9. Get parkrunning! If you haven’t heard of parkruns they are free, timed weekly 5k runs, happening all over the country, every Saturday at 9am. You can walk, jog or run them so they are perfect for new runners and they are great for measuring your progress, if you wish. They only happen because people volunteer to organise and marshal at them so give something back now and again and volunteer too.

  10. Running can be really addictive! Don’t blame me if your running habit starts to escalate out of your control!

Words by NoviceRunnerNik.

Marathon preparation: taking care of your knees

taped marathon knee injury

Marathon preparation: taking care of your knees

It's hurtling towards us at a huge rate of knots, like Brexit, Christmas and Whitsun all rolled into one, but none of these require the same volume of physical, mental and emotional preparation as the London Marathon* (except perhaps Christmas....). As your mileage racks up, certain areas can get tighter, having a knock-on effect elsewhere - in particular the outside of the knee.

If you notice that your running style has started to involve a little more of either your foot turning outwards whilst your knee is facing forwards or your knees turning inwards whist your foot is facing front, this can often end up to soreness in the outside of the knee, increased tension in the iliotibial band (ITB) and/or tightness in the outside of the hip. As the miles increase and this pattern is repeated, it can become very sore. However, there are a few things you can do to check the cause of this.

Where does it come from?

The reason the knee will be turning inwards, or the foot relatively turning out will be related to one of 3 areas:

  • Tight calf muscles

  • Weakness/inhibition of the hip rotators

  • Overactive lateral hamstrings

Knee valgus - this isn’t A Good Thing.

Knee valgus - this isn’t A Good Thing.

Tight calf muscles:

If the alignment issue corrects by doing a decline small knee bend (see images below), it is likely the calf muscle (particularly the gastrocnemius, fact fans) is likely to be part of the main drive of the problem.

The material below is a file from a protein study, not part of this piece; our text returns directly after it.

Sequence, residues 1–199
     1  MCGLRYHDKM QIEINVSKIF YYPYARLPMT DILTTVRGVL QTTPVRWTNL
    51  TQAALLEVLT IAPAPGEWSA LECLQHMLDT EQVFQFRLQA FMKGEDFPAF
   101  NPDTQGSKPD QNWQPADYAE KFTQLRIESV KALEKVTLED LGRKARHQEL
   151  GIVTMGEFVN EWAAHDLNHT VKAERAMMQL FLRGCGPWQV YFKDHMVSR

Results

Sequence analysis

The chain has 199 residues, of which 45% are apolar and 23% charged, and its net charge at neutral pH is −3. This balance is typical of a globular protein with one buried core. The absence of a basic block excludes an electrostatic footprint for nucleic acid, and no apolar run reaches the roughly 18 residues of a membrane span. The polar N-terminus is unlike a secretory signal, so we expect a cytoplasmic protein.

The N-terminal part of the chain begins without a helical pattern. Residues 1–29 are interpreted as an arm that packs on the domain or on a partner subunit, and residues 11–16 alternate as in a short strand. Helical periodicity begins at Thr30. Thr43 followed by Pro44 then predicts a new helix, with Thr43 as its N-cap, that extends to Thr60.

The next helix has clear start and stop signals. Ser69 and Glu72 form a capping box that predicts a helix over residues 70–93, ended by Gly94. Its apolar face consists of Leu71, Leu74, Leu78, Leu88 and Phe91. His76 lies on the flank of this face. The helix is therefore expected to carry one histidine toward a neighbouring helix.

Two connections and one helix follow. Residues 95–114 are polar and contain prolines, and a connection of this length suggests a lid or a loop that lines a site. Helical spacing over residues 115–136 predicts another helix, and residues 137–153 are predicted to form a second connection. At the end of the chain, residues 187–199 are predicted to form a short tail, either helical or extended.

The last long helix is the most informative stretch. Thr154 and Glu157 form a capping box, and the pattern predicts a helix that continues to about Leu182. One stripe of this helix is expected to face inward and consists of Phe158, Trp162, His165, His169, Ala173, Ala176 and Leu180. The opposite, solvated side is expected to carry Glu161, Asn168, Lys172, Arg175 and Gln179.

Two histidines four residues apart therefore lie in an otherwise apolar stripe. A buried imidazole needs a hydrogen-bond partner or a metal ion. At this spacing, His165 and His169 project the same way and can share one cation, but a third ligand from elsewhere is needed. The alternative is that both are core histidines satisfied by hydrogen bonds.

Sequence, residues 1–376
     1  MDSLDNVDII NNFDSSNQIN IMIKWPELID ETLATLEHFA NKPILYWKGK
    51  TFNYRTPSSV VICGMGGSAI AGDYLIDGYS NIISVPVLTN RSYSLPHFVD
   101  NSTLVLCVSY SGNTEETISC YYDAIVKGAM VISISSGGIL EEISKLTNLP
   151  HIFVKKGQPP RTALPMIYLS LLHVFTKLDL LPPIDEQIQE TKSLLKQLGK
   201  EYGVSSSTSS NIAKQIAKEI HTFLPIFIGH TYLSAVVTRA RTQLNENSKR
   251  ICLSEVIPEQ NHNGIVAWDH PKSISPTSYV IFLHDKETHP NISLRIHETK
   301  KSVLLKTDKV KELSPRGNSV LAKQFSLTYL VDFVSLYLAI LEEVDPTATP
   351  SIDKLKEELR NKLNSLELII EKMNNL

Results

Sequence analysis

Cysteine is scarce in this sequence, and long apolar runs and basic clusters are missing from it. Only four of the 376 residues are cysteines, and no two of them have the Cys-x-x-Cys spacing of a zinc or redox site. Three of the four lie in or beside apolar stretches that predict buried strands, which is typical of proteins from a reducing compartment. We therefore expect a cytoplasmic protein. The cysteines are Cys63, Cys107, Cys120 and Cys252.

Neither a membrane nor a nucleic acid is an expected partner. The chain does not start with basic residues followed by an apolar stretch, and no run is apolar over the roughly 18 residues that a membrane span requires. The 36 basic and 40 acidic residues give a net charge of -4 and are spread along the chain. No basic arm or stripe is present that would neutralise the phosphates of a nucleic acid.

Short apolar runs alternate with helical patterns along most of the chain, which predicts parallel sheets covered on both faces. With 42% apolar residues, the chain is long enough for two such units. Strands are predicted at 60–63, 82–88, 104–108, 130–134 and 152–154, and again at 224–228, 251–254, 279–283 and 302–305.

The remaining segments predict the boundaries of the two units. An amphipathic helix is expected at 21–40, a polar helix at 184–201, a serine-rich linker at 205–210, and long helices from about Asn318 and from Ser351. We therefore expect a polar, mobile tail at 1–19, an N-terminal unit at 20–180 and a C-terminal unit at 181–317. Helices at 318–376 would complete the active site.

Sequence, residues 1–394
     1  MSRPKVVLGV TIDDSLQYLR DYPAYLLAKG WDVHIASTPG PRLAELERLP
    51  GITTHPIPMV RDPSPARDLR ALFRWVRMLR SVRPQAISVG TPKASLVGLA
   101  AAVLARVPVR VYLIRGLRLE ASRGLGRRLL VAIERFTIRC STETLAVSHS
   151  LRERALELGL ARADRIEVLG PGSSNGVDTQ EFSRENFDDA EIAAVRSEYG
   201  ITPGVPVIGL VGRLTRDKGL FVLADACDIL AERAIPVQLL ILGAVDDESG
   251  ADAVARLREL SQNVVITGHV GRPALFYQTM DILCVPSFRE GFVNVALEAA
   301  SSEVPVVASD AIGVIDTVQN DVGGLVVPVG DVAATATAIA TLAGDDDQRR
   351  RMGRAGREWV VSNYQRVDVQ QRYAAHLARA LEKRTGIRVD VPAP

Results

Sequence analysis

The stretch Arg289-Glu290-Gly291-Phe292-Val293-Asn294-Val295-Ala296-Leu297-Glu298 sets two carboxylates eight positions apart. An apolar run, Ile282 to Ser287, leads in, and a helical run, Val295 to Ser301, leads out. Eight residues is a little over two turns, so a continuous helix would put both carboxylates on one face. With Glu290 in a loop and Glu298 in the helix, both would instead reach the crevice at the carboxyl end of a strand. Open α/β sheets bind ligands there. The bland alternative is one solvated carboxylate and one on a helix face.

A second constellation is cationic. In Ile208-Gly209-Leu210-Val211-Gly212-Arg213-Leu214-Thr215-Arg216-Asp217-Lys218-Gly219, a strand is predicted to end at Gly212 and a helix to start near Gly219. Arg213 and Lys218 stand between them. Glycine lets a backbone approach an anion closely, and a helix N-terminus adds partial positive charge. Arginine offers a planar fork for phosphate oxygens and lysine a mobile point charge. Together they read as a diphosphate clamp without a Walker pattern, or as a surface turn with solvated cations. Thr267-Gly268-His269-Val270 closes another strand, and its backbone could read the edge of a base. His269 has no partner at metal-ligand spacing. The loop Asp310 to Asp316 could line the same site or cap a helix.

Decline small knee bend

Decline small knee bend

If you think you aren't stretching your calves out sufficiently, then start. As soon as possible. If not sooner.

As we fatigue when we run, certain muscle groups will become less effective leaving us with few options to propel us forwards. It often comes down to the calf to drive this and if they aren't getting a sufficient stretch, then the change in mechanics can become problematic. Stretching the calf with a straight knee (fully straight) and holding for up to 20 seconds at a time will help. Not only after a run, but check and stretch regularly through the next few days too.

Weak hip rotators:

If the decline small squat doesn't correct things, it is likely to be a problem with the rotators in the hip, including gluteus medius and some of the deeper rotators. Some light conditioning work can help resolve this problem

Overactive lateral hamstrings:

Difficult to spot on yourself, but if after toe off, your foot tends to turn outwards as the knee comes forward, the outer hamstrings might be dominating the movement. Exercises to balance out knee flexion by using the more medial hamstrings can help, as can identifying which of the other two problems need addressing and working on all of them

Anything else?

Lateral quads stretches can be really useful for this. Think of doing a normal quads stretch (i.e. heel to backside) but stretch using the opposite hand to the affected leg and pull it across to the opposite buttock and push your hip forward. This should favour the outside of the quads around the tight area

Do I really need to stretch?

Stretching is a bit of a faff and it means extra time added onto your run, however it is one of the key practices at this stage to return you ready to run again when you need to train. Just do it!

* other marathons, indeed, other long distance races do exist.

Don’t ignore your niggles or pains this late in your marathon training. Call us for an appointment on 02030 12 12 22.

Words by Paul Martin. Images courtesy of and

9 weeks to the London Marathon - our top tips and injuries to avoid

Always choose your running kit with care!

Always choose your running kit with care!

9 weeks to the London Marathon - our top tips and injuries to avoid

Congratulations! You are now only 9 weeks from the London Marathon (other marathons are available).

Here are a few tips on how to keep going and avoiding breaking down:

  • Follow a training plan that not only says run. Two short runs and a long run on a weekend. Add in strength and conditioning, plyometrics, cross training and yoga/pilates. This can help with injury prevention and potentially faster times.